On the Fly: Recent Progress on Autophagy and Aging in Drosophila
WoS ID: 000476946200001
Scopus ID: 85070832925
PubMed ID: 31396511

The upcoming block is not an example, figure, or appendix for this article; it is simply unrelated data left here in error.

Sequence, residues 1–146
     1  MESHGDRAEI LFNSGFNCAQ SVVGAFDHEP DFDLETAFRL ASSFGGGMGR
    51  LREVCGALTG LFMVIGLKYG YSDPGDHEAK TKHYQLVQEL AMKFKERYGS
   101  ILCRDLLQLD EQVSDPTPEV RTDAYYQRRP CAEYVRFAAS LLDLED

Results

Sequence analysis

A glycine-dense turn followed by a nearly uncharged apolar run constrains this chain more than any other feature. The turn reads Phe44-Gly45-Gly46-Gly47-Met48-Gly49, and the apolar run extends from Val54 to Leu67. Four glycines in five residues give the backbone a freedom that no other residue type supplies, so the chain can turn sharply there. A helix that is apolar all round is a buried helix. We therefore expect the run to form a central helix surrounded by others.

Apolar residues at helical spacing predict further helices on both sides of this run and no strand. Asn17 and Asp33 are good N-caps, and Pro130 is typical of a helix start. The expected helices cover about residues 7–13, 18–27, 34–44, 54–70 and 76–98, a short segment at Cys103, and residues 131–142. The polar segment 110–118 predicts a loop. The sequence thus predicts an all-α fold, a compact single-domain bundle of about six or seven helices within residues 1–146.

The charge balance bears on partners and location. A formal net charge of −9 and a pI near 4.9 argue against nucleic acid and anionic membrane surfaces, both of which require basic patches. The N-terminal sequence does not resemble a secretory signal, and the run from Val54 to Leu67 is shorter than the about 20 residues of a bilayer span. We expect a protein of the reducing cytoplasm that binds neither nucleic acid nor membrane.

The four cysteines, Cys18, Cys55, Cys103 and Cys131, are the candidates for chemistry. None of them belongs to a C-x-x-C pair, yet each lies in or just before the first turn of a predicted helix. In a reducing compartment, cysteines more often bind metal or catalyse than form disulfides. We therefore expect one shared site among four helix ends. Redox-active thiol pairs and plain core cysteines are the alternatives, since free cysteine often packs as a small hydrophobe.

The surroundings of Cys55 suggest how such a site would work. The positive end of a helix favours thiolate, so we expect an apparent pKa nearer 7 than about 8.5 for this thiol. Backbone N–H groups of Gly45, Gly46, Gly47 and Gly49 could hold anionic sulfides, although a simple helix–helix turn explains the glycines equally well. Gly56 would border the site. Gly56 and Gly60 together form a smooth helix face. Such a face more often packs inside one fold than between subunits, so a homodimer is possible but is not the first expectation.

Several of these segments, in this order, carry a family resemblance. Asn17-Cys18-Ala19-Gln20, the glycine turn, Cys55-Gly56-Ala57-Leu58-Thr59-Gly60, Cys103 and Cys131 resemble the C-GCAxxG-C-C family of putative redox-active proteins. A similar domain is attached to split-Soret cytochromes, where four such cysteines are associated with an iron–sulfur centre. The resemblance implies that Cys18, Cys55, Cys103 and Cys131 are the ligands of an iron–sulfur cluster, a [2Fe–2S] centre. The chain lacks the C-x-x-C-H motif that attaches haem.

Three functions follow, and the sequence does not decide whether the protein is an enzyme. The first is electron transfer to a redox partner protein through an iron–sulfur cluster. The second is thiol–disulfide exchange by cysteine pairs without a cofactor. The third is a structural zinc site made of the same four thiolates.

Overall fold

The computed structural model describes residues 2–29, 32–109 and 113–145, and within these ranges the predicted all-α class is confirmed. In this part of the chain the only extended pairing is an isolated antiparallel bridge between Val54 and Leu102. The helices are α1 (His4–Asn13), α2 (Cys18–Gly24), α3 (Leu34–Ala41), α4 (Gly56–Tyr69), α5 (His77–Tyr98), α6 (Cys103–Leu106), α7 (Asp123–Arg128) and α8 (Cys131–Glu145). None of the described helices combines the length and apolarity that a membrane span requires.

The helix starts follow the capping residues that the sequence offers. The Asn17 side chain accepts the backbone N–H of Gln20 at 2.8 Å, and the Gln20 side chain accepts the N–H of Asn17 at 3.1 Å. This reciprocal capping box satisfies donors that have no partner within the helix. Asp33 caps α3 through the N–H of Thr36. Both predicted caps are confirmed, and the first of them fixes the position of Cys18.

Autophagy ensures the lysosome-mediated breakdown and recycling of self-material, as it not only degrades obsolete or damaged intracellular constituents but also provides building blocks for biosynthetic and energy producing reactions. Studies in animal models including Drosophila revealed that autophagy defects lead to the rapid decline of neuromuscular function, neurodegeneration, sensitivity to stress (such as starvation or oxidative damage), and stem cell loss. Of note, recently identified human Atg gene mutations cause similar symptoms including ataxia and mental retardation. Physiologically, autophagic degradation (flux) is known to decrease during aging, and this defect likely contributes to the development of such age-associated diseases. Many manipulations that extend lifespan (including dietary restriction, reduced TOR kinase signaling, exercise or treatment with various anti-aging substances) require autophagy for their beneficial effect on longevity, pointing to the key role of this housekeeping process. Importantly, genetic (e.g., Atg8a overexpression in either neurons or muscle) or pharmacological (e.g., feeding rapamycin or spermidine to animals) promotion of autophagy has been successfully used to extend lifespan in Drosophila, suggesting that this intracellular degradation pathway can rejuvenate cells and organisms. In this review, we highlight key discoveries and recent progress in understanding the relationship of autophagy and aging in Drosophila.